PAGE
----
Star gazing at the National Botanic Garden of Wales

Colin Miles makes a plea for help in re-siting a famous telescope that belongs to Swansea’s Astronomical Society


The Swansea Astronomical Society was established in 1948, making it the oldest in the Wales and one of the oldest in the UK. It has had a somewhat chequered history, at times struggling to survive. But currently membership is strong and increasing thanks, it has to be said, to the Brian Cox effect. Over the course of the past 60 odd years the Society has had a number of homes and observatories – enforced moves which have disrupted the ability of the Society to carry out observations and, more important, the educational outreach activities involving schools and the general public.

These last few years have seen perhaps their biggest challenges, with the closure of the iconic Marina Towers observatory in Swansea Bay, plus what looks to be a forced move from their observatory at the Fairwood Swansea University grounds due to the ‘takeover’ of these by Swansea football club. The latter situation is still on-going and subject to discussion with the various parties.  But it is the closure of Marina Towers which has had the biggest effect since it has robbed the Society of a home from where they could carry out their education outreach programmes and has negated the use of a particularly valuable Telescope.

Briefly, the Marina Towers observatory was built in the 1990s, partly funded by the European Union, and housed the largest Telescope of its kind in the world. This is a 20 inch Shafer-Maksutov catadioptric telescope, built by a local GP, Dr Fred Jenkins, in his garage in the early 1990s from the best of three specially ground mirrors to a design first suggested in the 1940s. There is little chance of anything bigger being built because of the physical constraints involved in making and supporting this kind of mirror.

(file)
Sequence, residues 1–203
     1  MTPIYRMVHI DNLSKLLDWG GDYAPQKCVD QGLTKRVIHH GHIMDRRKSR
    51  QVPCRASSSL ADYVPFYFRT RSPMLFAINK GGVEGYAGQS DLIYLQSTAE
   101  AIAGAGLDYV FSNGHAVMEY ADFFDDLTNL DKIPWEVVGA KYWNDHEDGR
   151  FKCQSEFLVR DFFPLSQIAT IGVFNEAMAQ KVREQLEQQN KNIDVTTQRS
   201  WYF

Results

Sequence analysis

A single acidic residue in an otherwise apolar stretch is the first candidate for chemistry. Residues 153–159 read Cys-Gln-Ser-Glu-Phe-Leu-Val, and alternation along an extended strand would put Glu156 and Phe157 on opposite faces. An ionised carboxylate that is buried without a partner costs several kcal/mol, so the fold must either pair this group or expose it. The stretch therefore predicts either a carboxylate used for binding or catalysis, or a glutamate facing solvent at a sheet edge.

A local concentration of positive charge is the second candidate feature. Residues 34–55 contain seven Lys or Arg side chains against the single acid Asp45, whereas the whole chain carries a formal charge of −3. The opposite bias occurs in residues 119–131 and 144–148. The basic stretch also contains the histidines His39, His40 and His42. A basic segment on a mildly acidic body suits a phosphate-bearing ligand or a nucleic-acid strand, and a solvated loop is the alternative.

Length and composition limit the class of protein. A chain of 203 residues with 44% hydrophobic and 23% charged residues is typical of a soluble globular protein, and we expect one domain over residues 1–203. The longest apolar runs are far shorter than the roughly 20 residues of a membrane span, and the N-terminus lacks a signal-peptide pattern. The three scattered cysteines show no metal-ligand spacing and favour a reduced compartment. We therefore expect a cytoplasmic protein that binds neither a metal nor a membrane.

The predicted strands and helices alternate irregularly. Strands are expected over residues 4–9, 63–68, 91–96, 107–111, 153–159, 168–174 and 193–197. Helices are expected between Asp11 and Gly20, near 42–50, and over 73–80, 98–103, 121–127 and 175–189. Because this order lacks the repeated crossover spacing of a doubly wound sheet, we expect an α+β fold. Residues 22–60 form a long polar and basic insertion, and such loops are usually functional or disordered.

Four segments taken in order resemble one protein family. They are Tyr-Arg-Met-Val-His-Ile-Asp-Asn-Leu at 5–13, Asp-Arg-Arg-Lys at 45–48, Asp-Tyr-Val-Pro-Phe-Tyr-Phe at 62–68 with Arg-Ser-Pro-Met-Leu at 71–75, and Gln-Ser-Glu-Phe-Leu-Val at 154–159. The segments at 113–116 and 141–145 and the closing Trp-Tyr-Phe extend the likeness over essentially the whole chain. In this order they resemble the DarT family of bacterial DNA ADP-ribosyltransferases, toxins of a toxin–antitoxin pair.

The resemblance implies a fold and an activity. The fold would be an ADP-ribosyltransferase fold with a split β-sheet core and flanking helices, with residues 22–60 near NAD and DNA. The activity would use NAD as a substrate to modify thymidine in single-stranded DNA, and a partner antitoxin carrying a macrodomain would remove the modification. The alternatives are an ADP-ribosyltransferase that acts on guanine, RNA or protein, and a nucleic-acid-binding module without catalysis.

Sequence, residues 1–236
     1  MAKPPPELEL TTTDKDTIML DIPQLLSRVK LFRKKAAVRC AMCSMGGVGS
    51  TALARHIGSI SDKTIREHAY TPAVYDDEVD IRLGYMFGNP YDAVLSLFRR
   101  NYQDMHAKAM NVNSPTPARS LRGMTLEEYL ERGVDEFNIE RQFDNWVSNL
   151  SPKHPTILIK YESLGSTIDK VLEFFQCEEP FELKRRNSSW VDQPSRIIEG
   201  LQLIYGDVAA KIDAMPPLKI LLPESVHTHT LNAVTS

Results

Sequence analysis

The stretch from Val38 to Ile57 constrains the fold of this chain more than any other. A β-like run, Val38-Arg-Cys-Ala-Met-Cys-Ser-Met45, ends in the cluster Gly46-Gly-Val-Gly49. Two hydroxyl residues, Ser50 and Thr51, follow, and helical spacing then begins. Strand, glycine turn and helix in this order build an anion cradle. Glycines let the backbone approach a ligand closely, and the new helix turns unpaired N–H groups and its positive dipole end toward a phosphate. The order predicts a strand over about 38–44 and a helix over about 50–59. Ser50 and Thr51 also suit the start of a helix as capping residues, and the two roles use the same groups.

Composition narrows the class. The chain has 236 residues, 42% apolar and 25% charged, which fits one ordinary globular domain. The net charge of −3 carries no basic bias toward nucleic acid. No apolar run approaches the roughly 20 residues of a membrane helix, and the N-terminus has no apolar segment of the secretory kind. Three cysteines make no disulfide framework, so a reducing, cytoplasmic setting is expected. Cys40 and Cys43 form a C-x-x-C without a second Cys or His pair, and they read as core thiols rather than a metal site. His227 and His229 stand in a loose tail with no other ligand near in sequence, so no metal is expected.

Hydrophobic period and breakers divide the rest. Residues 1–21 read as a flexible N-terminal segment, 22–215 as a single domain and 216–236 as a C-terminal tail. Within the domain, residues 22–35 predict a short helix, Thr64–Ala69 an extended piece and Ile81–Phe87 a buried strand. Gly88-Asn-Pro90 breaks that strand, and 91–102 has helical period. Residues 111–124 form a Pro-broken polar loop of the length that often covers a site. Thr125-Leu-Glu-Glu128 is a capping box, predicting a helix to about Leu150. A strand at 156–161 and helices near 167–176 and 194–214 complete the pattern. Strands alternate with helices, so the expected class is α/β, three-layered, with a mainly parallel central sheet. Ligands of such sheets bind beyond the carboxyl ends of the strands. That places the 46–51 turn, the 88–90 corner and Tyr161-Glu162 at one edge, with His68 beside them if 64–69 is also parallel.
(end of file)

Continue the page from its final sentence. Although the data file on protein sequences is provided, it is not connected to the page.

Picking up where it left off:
Until 2009 the telescope was used very successfully in the Swansea Marina Towers observatory, both for research and especially for school and public educational outreach programmes. It is a very important and extremely valuable piece of our heritage and everyone involved with the Swansea Astronomical Society are very keen to ensure that it is put to the uses for which it is intended. Similar size telescopes currently retail at about £40,000, and of course this particular design is unique, as is the circumstances in which it was created.

In 2009, due to financial problems Swansea Council decided to put up the rent on the Marina Towers observatory to such an extent that it is was no longer possible for the Society to occupy the Tower. As a result it vacated the Tower and donated the telescope to the Council. But as time went on, and with the telescope sitting in the Tower doing nothing, an approach was made to the Council to retrieve it with the intention of re-siting it elsewhere. They agreed and last year the grandson of Dr Fred Jenkins successfully craned it out and now has custody of it.

The Swansea Astronomical Association have now offered the National Botanic Garden of Wales the opportunity to use the telescope, provided that they can house it properly in an observatory, together with an associated room for display and exhibition purposes. The Garden already hosts two Star parties every year, plus a Solar Day in August, and are heavily involved with school science and technology initiatives.  So the acquisition and use of this telescope would be an excellent way of furthering these and bringing astronomy to the general public on a day by day basis.

A possible site at the Garden has been identified and there have been discussions about costs and the design of an observatory.  Norman Walker, who built and designed the original Marina Towers dome has constributed and we also have an offer of help from Charles Barclay, designer of the Kielder observatory. However, the principal problem is funding.

The Garden is open 364 days a year, with well over 100,000 visitors a year, so there is a great opportunity for publicity for any organisation prepared to assist us in this venture. And they would be doing Welsh Science and future generations of Welsh Scientists a great service. Anyone interested in helping us should contact Rob Thomas, Head of Development at the National Botanic Garden of Wales,

Colin Miles was educated Cheltenham Grammar School, studied Chemical Engineering at Swansea University, then worked at Edmonton, Alberta in Canada, returning to Hull and then living and working in Hemel Hempstead between 1968 to 2004 before retiring to Llannon in Carmarthenshire where he is a volunteer at the National Botanic Garden of Wales.